1997 Vintage Report by Angelo Gaja: This is a vintage that we had five weeks with hot weather, 32° C. This had never happened before. This vintage signaled the beginning of climate change.
The quality can be different in 1997 because some producers were unprepared to ferment high sugar levels and the grapes were coming to the winery very hot because even during harvest the weather was hot. There were wines that had stuck fermentation and residual sugar. High volatile acidity. Some wines were not at a high level. But the large majority were beautiful. Much more approachable and with a new character.
In the restaurant, the wines were easy to drink and gave a lot of satisfaction. I remember that we quickly sold our 1997.It also signaled the first conflict among the America and European wine writers. The Americans welcomes it as “the greatest vintage made in Piedmont.”
It was actually an unusual vintage in its approachability and its pleasure. It had perfectly integrated tannins. Not sweetness. But it was similar to sweetness. We had only had this in 1961 and 1971. Not residual sugar but the consequence of perfect ripening.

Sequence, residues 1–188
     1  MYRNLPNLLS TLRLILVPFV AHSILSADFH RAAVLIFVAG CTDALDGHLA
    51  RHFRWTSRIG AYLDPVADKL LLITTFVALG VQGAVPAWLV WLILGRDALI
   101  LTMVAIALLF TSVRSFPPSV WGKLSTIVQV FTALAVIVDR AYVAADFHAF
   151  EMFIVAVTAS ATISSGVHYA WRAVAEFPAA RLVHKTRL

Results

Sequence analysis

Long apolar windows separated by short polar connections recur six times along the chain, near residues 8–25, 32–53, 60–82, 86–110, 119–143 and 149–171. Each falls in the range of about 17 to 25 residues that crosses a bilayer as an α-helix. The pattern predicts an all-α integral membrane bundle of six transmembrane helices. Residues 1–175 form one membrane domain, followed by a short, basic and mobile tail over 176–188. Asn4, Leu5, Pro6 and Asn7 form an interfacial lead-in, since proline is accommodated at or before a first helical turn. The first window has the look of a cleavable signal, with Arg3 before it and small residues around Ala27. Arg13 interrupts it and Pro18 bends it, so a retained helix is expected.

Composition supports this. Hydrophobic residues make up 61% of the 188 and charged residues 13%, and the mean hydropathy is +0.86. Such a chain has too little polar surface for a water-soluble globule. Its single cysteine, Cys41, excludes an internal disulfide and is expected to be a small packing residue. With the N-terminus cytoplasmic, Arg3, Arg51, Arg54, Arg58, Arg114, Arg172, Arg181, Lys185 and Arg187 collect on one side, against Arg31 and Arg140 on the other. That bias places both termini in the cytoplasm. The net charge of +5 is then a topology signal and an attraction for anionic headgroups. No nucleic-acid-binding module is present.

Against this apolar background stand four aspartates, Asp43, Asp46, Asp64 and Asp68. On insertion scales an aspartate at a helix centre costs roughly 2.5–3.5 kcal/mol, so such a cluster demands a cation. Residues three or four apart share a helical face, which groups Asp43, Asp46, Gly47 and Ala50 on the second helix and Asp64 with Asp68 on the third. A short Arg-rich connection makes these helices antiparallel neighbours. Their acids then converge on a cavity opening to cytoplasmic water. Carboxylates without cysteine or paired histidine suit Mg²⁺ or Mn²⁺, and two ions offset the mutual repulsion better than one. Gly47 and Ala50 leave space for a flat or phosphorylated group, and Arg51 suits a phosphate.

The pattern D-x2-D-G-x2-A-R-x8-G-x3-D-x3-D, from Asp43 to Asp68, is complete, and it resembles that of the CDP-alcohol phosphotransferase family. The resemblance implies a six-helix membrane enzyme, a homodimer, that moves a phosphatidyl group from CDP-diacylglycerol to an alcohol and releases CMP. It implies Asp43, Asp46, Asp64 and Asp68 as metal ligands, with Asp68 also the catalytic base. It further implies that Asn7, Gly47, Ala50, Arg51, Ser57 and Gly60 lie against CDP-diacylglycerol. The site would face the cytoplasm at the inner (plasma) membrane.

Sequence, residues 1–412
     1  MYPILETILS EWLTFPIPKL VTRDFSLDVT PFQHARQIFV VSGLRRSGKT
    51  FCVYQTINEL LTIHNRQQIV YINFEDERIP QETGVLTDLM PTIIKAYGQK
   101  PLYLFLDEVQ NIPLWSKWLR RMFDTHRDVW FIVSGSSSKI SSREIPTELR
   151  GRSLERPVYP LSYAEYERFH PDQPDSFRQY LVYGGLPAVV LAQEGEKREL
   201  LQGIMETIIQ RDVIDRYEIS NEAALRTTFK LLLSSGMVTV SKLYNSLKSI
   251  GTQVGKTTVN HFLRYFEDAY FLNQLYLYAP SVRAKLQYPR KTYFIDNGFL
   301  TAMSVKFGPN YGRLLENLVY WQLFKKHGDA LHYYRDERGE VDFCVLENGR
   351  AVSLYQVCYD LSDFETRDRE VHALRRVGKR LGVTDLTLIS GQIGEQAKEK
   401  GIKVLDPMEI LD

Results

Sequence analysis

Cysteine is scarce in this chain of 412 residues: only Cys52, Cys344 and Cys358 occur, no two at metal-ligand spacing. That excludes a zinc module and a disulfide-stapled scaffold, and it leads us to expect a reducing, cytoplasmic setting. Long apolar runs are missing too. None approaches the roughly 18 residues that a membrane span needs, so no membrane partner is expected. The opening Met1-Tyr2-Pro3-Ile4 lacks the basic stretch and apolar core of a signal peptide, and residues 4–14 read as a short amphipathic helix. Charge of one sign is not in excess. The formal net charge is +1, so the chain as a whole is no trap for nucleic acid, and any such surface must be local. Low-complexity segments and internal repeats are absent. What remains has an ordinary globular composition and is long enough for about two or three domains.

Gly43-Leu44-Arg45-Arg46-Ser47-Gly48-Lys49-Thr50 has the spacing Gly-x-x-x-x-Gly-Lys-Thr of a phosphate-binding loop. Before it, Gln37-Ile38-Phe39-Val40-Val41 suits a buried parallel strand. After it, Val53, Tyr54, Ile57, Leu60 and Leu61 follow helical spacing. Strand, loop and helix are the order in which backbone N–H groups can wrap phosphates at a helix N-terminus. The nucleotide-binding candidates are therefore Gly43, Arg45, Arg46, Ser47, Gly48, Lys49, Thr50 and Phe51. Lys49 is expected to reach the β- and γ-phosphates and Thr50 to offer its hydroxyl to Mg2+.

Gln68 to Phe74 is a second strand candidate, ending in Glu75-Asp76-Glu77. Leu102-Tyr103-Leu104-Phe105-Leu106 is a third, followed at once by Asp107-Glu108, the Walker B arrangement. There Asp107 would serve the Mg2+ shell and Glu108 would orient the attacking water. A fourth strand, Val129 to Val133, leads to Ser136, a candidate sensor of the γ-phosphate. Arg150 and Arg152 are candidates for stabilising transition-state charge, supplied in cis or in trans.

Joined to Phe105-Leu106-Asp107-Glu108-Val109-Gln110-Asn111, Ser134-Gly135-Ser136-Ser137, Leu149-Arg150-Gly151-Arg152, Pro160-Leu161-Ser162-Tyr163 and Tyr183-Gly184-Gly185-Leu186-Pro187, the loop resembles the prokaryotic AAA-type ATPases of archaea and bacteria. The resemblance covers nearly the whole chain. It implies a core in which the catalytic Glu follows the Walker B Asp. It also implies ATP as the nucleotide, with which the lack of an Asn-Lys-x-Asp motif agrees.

“This is a vintage that will last a lot of time,” said American wine writers. The European writers said this is a mistake. Yes, it’s an unusual vintage, never seen before. But it is too early to judge and to say that it will be able to keep for a very long time. This is a mistake by American writers who don’t know enough. The 1997 is good but not as good as has been described and it will not be able to age thirty or forty years.
Italy Vintage Report by Tb: In 1997 the entire Italian wine industry was rejuvenated by one of the greatest vintages of all time. The only negative aspect of the year involved sub-zero night temperatures in April and May that damaged the unusually early buds and blooms. As a result, the crop yield was smaller than desired. Otherwise, the summer season was graced with sunny, warm weather. Temperatures climbed higher in August and September and the grapes ripened two weeks earlier than normal. This caught Piedmont by surprise, as the Nebbiolo ripened ahead of the Barbera, which was unprecedented. The small grapes were so well balanced that there were only four other Italian vintages like the 1997 in the 20th century. Otherwise, the acidity of the grapes fell below normal levels due to their ripeness. In Tuscany the situation was the same as in Piedmont – there had not been a crop of such quality since 1947. The wines can still take years of cellaring and as long as decades for the Barolos and Barbarescos.